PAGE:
I’ve been coding PHP since 1999 and I’m still discovering functions I didn’t know about. Just the other day I read someone’s post about some useful PHP functions and I knew all of them except for the getdate() function so I thought I’d cover it here.
PHP has the very useful date() function for formatting dates and times which I use frequently myself but often find myself doing something like this if I need both the year and the month:
$month = date('j'); // day of the month without leading zeroes $year = date('Y'); // 4 digit year
That’s not the most efficient way of doing things, especially if you need to get some other variables as well, because it’s making multiple calls to the date() function. Enter the getdate() function.
Calling getdate() without parameters will use the current date and time and assign the various variables to an associative array like so:
$date = getdate(); print_r($date);
The above outputs this:
Array ( [seconds] => 55 [minutes] => 41 [hours] => 11 [mday] => 19 [wday] => 0 [mon] => 4 [year] => 2009 [yday] => 108 [weekday] => Sunday [month] => April  => 1240098115 )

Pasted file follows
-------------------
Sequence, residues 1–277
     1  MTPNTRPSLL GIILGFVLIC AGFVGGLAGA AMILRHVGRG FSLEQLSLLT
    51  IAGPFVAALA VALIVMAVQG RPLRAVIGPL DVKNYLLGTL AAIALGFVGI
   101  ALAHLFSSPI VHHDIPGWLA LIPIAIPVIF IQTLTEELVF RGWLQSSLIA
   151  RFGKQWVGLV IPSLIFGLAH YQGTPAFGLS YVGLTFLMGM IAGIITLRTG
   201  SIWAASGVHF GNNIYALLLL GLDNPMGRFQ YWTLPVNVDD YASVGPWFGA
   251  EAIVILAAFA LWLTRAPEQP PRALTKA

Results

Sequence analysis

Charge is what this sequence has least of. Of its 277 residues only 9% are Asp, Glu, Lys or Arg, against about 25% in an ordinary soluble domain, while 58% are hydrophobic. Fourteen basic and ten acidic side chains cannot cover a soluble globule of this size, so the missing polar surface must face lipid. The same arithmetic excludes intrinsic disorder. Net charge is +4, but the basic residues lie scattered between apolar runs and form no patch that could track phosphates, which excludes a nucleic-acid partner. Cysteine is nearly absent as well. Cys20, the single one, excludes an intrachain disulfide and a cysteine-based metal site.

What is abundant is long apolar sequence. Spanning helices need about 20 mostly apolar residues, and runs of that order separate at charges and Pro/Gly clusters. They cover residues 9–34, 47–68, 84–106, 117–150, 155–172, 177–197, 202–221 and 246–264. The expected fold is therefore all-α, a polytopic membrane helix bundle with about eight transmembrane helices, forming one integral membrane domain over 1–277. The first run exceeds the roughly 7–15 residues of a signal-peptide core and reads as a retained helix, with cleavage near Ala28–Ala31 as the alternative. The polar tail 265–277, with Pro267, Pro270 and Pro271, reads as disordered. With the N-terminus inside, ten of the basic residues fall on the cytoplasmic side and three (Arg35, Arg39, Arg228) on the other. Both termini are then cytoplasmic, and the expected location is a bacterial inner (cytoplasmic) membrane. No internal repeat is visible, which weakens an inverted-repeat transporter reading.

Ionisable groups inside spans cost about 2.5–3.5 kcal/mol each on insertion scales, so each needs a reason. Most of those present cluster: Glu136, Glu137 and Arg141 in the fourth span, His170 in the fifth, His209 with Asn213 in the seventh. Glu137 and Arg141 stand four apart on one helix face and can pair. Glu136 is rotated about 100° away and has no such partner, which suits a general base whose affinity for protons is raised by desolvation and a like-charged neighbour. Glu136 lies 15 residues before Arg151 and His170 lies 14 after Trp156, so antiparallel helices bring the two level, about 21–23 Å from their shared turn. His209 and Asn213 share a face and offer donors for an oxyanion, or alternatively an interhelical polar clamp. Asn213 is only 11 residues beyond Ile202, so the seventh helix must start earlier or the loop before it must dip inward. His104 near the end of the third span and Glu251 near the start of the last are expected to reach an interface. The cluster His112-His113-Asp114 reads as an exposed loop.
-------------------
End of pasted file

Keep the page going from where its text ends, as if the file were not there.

You can also specify a timestamp if you had your date in that format already (or by converting it using the strtortime() function). The following example uses the timestamp for midnight on April 1st 2009:
$date = getdate(1238497200); print_r($date);
And the output:
Array ( [seconds] => 0 [minutes] => 0 [hours] => 0 [mday] => 1 [wday] => 3 [mon] => 4 [year] => 2009 [yday] => 90 [weekday] => Wednesday [month] => April  => 1238497200 )
Going back to the example at the start of this post, I could now do this instead of calling date() multiple times:
$date = getdate(); ... $date['mon'] ...; ... $date['year'] ...;